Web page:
• Inflation/consumer spending: Upward price inflation continues to be weak. Consumer spending, on the other hand, is increasing. The personal consumption expenditures (PCE) price index (a measure of what consumers pay for goods and services) ticked up only 0.1% in July. The core PCE (excluding energy and food) price index also inched ahead 0.1% for the month. Personal (pre-tax) income climbed 0.4% and disposable personal (after-tax) income increased 0.3% from the prior month. With increased income, consumer expenditures rose, climbing 0.3% in July.
  • The prices companies receive for goods and services fell 0.1% in July from June, according to the Producer Price Index. Year-over-year, producer prices have increased 1.9%. Over 80% of the July decrease in prices is attributable to services, which fell 0.2%. Prices for goods edged down 0.1%. Prices less food, energy, and trade were unchanged in July from the prior month and are up 1.9% over the last 12 months.
  • Consumer prices rose a scant 0.1% in July, after recording no change in June. For the 12 months ended in July, consumer prices are up 1.7%, a mark that remains below the Fed’s 2.0% target for inflation. Core prices, which exclude food and energy, edged up 0.1% in July, the same increase as June, and are up 1.7% year-over-year.
  • Housing: Scant inventory and rising prices have slowed sales of new and existing homes in July. Total existing-home sales slipped 1.3% for the month and are up only 2.1% from a year ago. The July median price for existing homes was $258,300, which is 2.1% below June’s median price of $263,800 but up 6.2% from the price last July. Housing inventory declined 1.0% for the month and is now 9.0% lower than a year ago. The Census Bureau’s latest report reveals sales of new single-family homes fell 9.4% in July to an annual rate of 571,000 — down from June’s upwardly revised rate of 630,000. The median sales price of new houses sold in July was $313,700 ($310,800 in June). The average sales price was $371,200 ($379,500 in June). The seasonally adjusted estimate of new houses for sale at the end of July was 276,000. This represents a supply of 5.8 months at the current sales rate, which is an increase in inventory from May and June (5.2 months).
  • Manufacturing: Industrial production expanded by 0.2% in July following an increase of 0.4% in June, according to the Federal Reserve’s monthly report on Industrial Production and Capacity Utilization. Manufacturing output edged down 0.1% after increasing 0.2% in June. Contributing to the recession in manufacturing output was a drop in production of motor vehicles and parts, which decreased 3.5%. Mining output was again strong, posting a gain of 0.5% in July after increasing 1.6% in June. The index for utilities rose 1.6% after remaining stagnant in June. Capacity utilization for the industrial sector was unchanged in July to 76.7%, a rate that is 3.2 percentage points below its long-run average. New orders for durable goods fell in July on the heels of a steep drop in aircraft orders. The Census Bureau reports new orders decreased $16.7 billion, or 6.8%, from June, which saw new orders increase 6.4%. However, excluding the transportation segment, new durable goods orders increased 0.5%. Orders for core capital goods (excluding defense and transportation) jumped 0.4% in July. Over the 12 months ended in July, core capital goods orders are up 3.5%.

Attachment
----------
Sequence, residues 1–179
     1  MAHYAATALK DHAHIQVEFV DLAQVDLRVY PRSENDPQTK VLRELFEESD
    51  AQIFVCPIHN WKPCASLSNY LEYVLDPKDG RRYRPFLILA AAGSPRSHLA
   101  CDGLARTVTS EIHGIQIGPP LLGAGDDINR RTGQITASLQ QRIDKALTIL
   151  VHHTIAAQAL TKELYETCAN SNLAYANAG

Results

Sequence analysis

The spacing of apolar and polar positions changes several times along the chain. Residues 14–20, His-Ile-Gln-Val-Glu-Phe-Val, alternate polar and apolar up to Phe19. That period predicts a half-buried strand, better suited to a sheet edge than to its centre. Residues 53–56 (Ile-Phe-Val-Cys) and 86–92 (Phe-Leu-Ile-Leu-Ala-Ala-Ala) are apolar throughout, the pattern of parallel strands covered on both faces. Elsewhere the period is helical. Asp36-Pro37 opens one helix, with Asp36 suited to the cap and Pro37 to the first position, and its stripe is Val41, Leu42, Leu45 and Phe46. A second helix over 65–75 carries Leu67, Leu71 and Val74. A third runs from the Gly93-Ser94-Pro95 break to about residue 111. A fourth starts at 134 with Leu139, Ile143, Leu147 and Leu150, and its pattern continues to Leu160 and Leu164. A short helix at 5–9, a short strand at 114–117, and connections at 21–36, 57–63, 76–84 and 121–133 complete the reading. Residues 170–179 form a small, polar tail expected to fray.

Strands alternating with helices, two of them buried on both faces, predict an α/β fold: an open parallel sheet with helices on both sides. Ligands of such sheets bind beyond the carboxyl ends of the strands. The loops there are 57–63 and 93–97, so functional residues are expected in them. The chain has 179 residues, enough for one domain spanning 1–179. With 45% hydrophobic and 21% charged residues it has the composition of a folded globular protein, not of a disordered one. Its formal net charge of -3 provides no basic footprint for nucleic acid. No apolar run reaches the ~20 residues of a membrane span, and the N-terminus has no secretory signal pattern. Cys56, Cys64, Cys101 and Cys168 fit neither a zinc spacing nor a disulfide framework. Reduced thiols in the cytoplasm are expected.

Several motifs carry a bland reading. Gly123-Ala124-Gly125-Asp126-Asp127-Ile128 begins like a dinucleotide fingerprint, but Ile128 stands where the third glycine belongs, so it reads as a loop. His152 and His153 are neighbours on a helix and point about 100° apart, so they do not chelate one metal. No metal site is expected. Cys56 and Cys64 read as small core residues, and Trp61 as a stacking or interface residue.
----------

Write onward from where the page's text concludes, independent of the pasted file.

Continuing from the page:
• Imports and exports: The advance report on international trade in goods revealed that the trade gap widened 1.7% in July over June. The overall trade deficit was $65.1, up $1.1 billion from the prior month. The total volume of exports of goods decreased $1.6 billion to $127.1 billion. Imports of goods fell $0.5 billion to $192.2 billion. Prices for U.S. imports edged up 0.1% in July, led by higher fuel prices, which more than offset lower prices for nonfuel imports. The July increase in import prices followed declines in each of the two previous months. U.S. export prices advanced 0.4% in July, after decreasing 0.2% in June.
  • International markets: In anticipation of its departure from the European Union, the United Kingdom’s Department for Business, Energy, and Industrial Strategy published a set of reforms aimed at strengthening the country’s image as a leader in corporate governance. Negotiations between the UK and the EU continued with nothing of substance resolved to date. China’s stocks surged on strong corporate earnings reports. Otherwise, world markets were mixed, particularly at the end of August as investors wait for the economic impact of Hurricane Harvey.
  • Consumer sentiment: The Conference Board Consumer Confidence Index® for August rose to 122.9, up from July’s revised 120.0. Consumers expressed growing confidence in current economic conditions but were reticent about future economic prospects.

Eye on the Month Ahead

Investors will look for stock values to continue to climb in September following a bumpy August. The month kicks off with the jobs report for August, which comes out the first day of September. The FOMC meets in September following a break last month. Slowing inflation has tempered the Committee’s push for higher interest rates. The final second-quarter GDP figures come out at month’s end.